It’s the next day and I’m still upset.

Discussion in 'Trumpet Discussion' started by B15M, Mar 1, 2010.

  1. Graham

    Graham Pianissimo User

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    Melbourne, Australia
    Unfortunate as it is when you get chewed out in front of everyone else, it highlights one of the realities of jobs like these. When you're hired as a professional, the expectation is that it is YOUR RESPONSIBILITY to play it as close to perfectly as you can, no matter what it takes to do so, and no matter what's going on. If the audience has payed for a ticket and something is wrong with the band, they will hear it, no matter what the reason is. They don't care that the second player sucks, or that there's a technical issue or if someone's dog died the previous night. All that matters is the music that comes out of the pit.

    From a musical director's point of view, issues should be non-existent come performance time, especially if they've hired pros.

    If there's an issue for whatever reason, and they have a go at you because of said issue, it's NOT A PERSONAL ATTACK. That's the hardest thing to remember. They're not bringing you down as a human being, they're criticising the sound coming out of the horn. Asking you not to play in the last song is not a punishment, it's an adjustment to achieve a musical objective.
     
  2. Vulgano Brother

    Vulgano Brother Moderator Staff Member

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    Sometimes it is, and sometimes the conductor is simply incompetent-they can neither direct nor explain and they'll take it out on somebody. That is why I like being nearsighted--I'll slide down my glasses so I can see the music but leave the conductor a benign blur.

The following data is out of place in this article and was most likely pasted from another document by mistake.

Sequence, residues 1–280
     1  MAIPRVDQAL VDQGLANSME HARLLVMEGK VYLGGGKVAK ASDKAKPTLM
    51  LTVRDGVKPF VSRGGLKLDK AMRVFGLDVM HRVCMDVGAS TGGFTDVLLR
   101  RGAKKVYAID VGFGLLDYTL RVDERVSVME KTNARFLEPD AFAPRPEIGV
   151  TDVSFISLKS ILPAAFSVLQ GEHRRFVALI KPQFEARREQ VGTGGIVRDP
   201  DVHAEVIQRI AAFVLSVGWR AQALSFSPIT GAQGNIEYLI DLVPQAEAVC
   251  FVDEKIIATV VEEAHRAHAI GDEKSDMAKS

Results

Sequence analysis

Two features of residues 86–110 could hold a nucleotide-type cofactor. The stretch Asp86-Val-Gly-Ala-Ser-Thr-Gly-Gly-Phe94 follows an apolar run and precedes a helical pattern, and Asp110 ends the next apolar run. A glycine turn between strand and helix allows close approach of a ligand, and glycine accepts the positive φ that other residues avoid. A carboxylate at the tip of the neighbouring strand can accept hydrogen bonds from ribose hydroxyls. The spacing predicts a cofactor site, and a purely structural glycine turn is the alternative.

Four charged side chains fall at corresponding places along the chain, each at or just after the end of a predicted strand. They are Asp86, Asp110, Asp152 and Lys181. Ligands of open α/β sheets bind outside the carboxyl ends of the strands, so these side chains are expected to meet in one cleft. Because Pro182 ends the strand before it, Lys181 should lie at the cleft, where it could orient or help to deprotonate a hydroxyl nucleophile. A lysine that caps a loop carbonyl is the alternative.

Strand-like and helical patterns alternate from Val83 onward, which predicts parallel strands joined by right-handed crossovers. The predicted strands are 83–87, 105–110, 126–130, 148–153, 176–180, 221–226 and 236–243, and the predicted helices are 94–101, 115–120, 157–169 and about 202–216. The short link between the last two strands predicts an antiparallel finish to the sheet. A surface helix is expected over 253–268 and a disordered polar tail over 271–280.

The ability to ignore is a fine skill; sometimes the best response, and with the worst conductors I really don't care if I end up on their black-balled list.

    Agreed, constructive criticism is not a personal attack, and sometimes the chemistry is simply lacking between a player and a conductor, and sometimes conductors can be nasty stupid folk that do insulting things.

    In the last case, we shouldn't be asked to excuse their behaivor.
     
  3. B15M

    B15M Forte User

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    I thought a lot about how this could have gone better. If I were the MD, I would have talked to the trumpets at break. "Joe, your going way sharp at P in tune 23. Can I help with something?" or, "It seems like the tempo is a little lagging at G, can we stay a couple of minutes and go over the part?"

    Something like that would have been a little less tacky and we if we found out in private that his slide was stuck before the show, I could have brought a trumpet for him to play.

    I think there was something else going on. Just by the way things played out. All of the comments came after a break. Usually when something goes wrong, the MD will say something right away. Why wait? I think there was a parent in the audience talking to the director. Maybe a big donor to the school that was the lead in His/Her HS show.